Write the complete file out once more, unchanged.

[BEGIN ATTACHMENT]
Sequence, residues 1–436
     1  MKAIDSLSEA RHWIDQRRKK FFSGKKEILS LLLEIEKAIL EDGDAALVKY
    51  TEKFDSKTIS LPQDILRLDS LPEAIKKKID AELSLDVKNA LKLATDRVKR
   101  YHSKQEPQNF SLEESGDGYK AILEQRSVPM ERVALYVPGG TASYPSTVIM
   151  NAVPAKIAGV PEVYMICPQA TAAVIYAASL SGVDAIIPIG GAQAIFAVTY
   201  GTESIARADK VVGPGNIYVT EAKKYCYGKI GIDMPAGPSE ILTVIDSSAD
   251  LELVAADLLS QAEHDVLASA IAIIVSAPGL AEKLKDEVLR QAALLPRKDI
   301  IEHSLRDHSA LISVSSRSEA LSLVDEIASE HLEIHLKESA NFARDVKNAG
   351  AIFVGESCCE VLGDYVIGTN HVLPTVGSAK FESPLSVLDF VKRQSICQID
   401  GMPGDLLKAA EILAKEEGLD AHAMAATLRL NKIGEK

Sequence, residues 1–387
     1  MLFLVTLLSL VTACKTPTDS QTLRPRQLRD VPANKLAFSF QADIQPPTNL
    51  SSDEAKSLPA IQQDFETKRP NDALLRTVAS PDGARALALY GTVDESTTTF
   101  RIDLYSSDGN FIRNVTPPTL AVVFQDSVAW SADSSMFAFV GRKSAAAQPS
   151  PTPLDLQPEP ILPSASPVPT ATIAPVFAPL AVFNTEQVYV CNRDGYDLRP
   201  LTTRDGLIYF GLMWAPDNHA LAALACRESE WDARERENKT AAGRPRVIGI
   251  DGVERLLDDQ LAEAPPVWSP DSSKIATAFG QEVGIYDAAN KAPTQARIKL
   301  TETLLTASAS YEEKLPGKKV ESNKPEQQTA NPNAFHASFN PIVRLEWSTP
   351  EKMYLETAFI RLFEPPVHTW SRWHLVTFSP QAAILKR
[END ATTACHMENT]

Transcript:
Sequence, residues 1–436
     1  MKAIDSLSEA RHWIDQRRKK FFSGKKEILS LLLEIEKAIL EDGDAALVKY
    51  TEKFDSKTIS LPQDILRLDS LPEAIKKKID AELSLDVKNA LKLATDRVKR
   101  YHSKQEPQNF SLEESGDGYK AILEQRSVPM ERVALYVPGG TASYPSTVIM
   151  NAVPAKIAGV PEVYMICPQA TAAVIYAASL SGVDAIIPIG GAQAIFAVTY
   201  GTESIARADK VVGPGNIYVT EAKKYCYGKI GIDMPAGPSE ILTVIDSSAD
   251  LELVAADLLS QAEHDVLASA IAIIVSAPGL AEKLKDEVLR QAALLPRKDI
   301  IEHSLRDHSA LISVSSRSEA LSLVDEIASE HLEIHLKESA NFARDVKNAG
   351  AIFVGESCCE VLGDYVIGTN HVLPTVGSAK FESPLSVLDF VKRQSICQID
   401  GMPGDLLKAA EILAKEEGLD AHAMAATLRL NKIGEK

Sequence, residues 1–387
     1  MLFLVTLLSL VTACKTPTDS QTLRPRQLRD VPANKLAFSF QADIQPPTNL
    51  SSDEAKSLPA IQQDFETKRP NDALLRTVAS PDGARALALY GTVDESTTTF
   101  RIDLYSSDGN FIRNVTPPTL AVVFQDSVAW SADSSMFAFV GRKSAAAQPS
   151  PTPLDLQPEP ILPSASPVPT ATIAPVFAPL AVFNTEQVYV CNRDGYDLRP
   201  LTTRDGLIYF GLMWAPDNHA LAALACRESE WDARERENKT AAGRPRVIGI
   251  DGVERLLDDQ LAEAPPVWSP DSSKIATAFG QEVGIYDAAN KAPTQARIKL
   301  TETLLTASAS YEEKLPGKKV ESNKPEQQTA NPNAFHASFN PIVRLEWSTP
   351  EKMYLETAFI RLFEPPVHTW SRWHLVTFSP QAAILKR